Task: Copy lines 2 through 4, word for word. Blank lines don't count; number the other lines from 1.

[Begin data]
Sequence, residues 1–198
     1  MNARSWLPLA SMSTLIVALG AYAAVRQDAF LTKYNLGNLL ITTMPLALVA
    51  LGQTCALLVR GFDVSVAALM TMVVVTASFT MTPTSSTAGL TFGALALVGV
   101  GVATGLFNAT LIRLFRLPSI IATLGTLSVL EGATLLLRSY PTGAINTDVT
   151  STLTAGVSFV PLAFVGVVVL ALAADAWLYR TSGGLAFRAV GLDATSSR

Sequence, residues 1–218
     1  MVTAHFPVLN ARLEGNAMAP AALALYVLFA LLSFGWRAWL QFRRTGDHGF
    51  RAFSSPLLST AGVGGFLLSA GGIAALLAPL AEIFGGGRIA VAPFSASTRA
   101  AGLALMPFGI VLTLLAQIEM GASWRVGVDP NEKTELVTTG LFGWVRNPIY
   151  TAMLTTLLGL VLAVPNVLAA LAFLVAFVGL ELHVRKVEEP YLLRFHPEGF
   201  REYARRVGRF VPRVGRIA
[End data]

     1  MNARSWLPLA SMSTLIVALG AYAAVRQDAF LTKYNLGNLL ITTMPLALVA
    51  LGQTCALLVR GFDVSVAALM TMVVVTASFT MTPTSSTAGL TFGALALVGV
   101  GVATGLFNAT LIRLFRLPSI IATLGTLSVL EGATLLLRSY PTGAINTDVT